Saturday, May 04, 2013

The Faith of Richard Dawkins and The Doubts of Mother Theresa


*Excerpted from my longer post, The Fight To Stay Light

(In response to those who point to Mother Theresa's doubt as a sign, and reason, for unbelief...)

David speaks of stumbling in the dark looking for a sliver of the light of God's face, and being concussed with a sense of God's absence (Ps 22.1-2); he laments God's seeming unwillingness even to lift a hand to help, "Why are you so far from saving me (Psalm 22.1)?" 

Sounds kinda like Theresa.

Jesus, God's very Son, once looked up to heaven and saw only a brass ceiling. In response, he lifted his voice in dismay and confusion, "My God, My God, why have you forsaken me (Mt. 27.46)?" The words are moving; they are the bewildered scream of a lost child scratching in the dark for some slim answer, "Why?" 

Sounds kinda like Theresa.

Can you imagine what the heathen of the 21st century would do if they knew these things were in the Bible? They'd probably proclaim David and Jesus "skeptics" who sided with them against the Christian Church. Can you imagine what our despondent press corp would do if they knew such things were in the Bible; they'd run headlines proclaiming, "King David was an atheist!"

Theresa's struggle with God was sold as a sign, and even more a reason, for unbelief. When, in fact, such struggles as she had have always been the mark, and a reason for, belief.

Theresa sounds a lot like David, and the Lord Jesus. She sounds, in other words, just like the faithful have always sounded. 

I have a secret suspicion of the suspicious; I believe skeptics believe, not too little, but too much. I have been in some prestigious academic halls over the years, and I have been exposed to the great minds of the believing and unbelieving world. I was surprised to find, again and again, the Christians had questions; unbelievers, alone, seemed to have all the answers: often, these answers did not even particularly correspond to a question; as if, they could answer your question before you even asked; as if, your question was not worth asking. I once heard an unbeliever boast, "We question your answers." That was not my experience; my experience was, "We question your questions with our answers."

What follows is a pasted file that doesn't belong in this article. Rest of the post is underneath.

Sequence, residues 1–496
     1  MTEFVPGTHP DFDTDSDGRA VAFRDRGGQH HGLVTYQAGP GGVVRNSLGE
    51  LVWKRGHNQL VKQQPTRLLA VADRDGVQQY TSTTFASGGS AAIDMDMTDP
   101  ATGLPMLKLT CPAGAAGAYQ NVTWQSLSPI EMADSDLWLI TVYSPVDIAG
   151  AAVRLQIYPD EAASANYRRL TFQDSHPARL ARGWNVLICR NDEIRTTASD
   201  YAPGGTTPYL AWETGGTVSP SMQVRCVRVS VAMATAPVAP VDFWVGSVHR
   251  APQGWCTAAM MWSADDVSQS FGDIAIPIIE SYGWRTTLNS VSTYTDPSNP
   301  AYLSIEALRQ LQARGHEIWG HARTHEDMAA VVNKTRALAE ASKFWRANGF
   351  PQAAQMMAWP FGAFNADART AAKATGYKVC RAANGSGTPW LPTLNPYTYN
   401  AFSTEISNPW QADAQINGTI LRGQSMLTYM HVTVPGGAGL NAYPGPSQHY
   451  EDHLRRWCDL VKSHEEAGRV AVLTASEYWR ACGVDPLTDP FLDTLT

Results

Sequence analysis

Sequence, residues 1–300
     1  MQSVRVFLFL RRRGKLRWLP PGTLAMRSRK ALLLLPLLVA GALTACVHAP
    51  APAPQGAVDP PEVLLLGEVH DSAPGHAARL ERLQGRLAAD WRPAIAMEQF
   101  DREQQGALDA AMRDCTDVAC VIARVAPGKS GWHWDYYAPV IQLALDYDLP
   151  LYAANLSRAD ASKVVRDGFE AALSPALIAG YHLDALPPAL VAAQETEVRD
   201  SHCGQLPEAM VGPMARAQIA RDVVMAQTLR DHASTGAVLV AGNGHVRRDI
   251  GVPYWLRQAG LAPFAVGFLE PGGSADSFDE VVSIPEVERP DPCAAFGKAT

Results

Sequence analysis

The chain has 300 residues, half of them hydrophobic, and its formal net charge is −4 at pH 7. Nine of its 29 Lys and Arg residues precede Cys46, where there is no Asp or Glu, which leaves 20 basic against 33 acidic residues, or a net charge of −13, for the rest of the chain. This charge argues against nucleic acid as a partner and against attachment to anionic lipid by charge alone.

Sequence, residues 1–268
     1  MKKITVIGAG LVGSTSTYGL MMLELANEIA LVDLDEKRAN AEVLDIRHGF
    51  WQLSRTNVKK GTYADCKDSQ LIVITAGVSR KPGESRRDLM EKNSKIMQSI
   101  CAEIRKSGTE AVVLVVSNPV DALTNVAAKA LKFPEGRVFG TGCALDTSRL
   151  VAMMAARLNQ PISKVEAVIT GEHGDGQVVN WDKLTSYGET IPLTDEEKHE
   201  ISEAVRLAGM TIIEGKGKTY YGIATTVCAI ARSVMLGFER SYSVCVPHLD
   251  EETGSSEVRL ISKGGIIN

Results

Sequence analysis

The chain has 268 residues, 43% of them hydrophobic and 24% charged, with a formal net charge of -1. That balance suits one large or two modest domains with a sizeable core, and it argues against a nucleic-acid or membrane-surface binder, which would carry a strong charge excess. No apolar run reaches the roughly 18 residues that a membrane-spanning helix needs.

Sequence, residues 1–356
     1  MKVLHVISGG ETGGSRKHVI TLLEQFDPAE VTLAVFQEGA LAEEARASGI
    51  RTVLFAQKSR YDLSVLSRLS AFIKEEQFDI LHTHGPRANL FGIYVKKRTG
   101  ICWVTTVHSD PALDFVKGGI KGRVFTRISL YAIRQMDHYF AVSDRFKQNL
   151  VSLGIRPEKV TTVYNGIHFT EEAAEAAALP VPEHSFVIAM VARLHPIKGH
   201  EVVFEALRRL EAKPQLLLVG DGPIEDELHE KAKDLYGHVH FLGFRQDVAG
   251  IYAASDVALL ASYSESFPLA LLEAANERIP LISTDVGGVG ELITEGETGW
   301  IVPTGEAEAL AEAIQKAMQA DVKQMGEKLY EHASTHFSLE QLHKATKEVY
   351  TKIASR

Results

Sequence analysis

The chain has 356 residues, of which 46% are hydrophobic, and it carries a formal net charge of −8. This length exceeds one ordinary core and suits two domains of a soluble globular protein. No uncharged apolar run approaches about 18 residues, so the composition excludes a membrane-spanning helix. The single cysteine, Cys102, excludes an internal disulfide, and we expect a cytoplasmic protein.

It was my Christian professors who encouraged me to ask questions I was afraid to ask. My atheistic professors were skeptical of Christianity, but it was my Christian professors who actually encouraged me to question Christianity in the sense of asking what it really taught, and daring to try and test its teaching for pure truth value. One of my Christian prof's once urged me, "You should do some research into Christianity. If it's not true, then look elsewhere." He trusted Christianity against all attackers; he cared more for truth than for getting me to join his 'side.' Another Professor would encourage unbelievers to read Bertrand Russell's "Why I am Not A Christian." 

I found Christians had all the questions, they were curious, and eager to learn; yet, they felt themselves ignorant; they had all the questions, and hardly any answers. Unbelievers, on the other hand, seemed to have all the answers, and hardly any questions. In short, believers were more like children in that they were curious, and always asking, "Why?" Unbelievers, on the other hand, were more like children in the sense of gullibility, and wide eyed naivete.

Take, for example, Richard Dawkins' recent book, The God Delusion. One is impressed, not by Dawkins' severe reasoning and unbelief, but rather, his naive optimism: not by his questions, but his multitude of answers; not by how little he believes, but rather, his belief in so many things, and in such a large and unquestioning way. He believes wild and wondrous things, things most humble Christians jut don't have the faith for. A few examples:

Like a boy who believes it is possible for a cow to burst the limits of gravity, and high jump the moon, he asserts:
I am thrilled to be alive at time when humanity is pushing against the limits of understanding. Even better, we may eventually discover that there are no limits.
I could not spin a more optimistic and credulous perspective if I tried: "we may eventually discover there are no limits." I wish I had such faith. Then, like the mischievous boy who is convincing himself that he wasn't present when the window was broken, his twists logic in a millions directions and come up with the old excuse, "I wasn't there."
Think of an experience from your childhood. Something you remember clearly, something you can see, feel, maybe even smell, as if you were really there. After all you really were there at the time, weren’t you? How else could you remember it? But here is the bombshell: you weren’t there.
When we were children, we believed our father could do everything: at times, that he was the only one who could do anything. If our father was a watchmaker, we dismissed the watchmaker next door. Dawkins is like the boy who believes his father is the one and only man in the town who ever did anything: